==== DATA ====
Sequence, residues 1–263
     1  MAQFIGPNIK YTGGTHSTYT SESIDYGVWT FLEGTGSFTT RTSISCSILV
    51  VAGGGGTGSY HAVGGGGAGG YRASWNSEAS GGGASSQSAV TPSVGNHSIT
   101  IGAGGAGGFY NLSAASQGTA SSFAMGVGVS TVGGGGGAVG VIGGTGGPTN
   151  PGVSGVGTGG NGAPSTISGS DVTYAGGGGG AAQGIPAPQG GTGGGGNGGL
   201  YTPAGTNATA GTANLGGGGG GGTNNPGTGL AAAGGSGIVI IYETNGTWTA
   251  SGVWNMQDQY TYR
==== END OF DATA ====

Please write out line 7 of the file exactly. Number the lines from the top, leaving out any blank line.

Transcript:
   251  SGVWNMQDQY TYR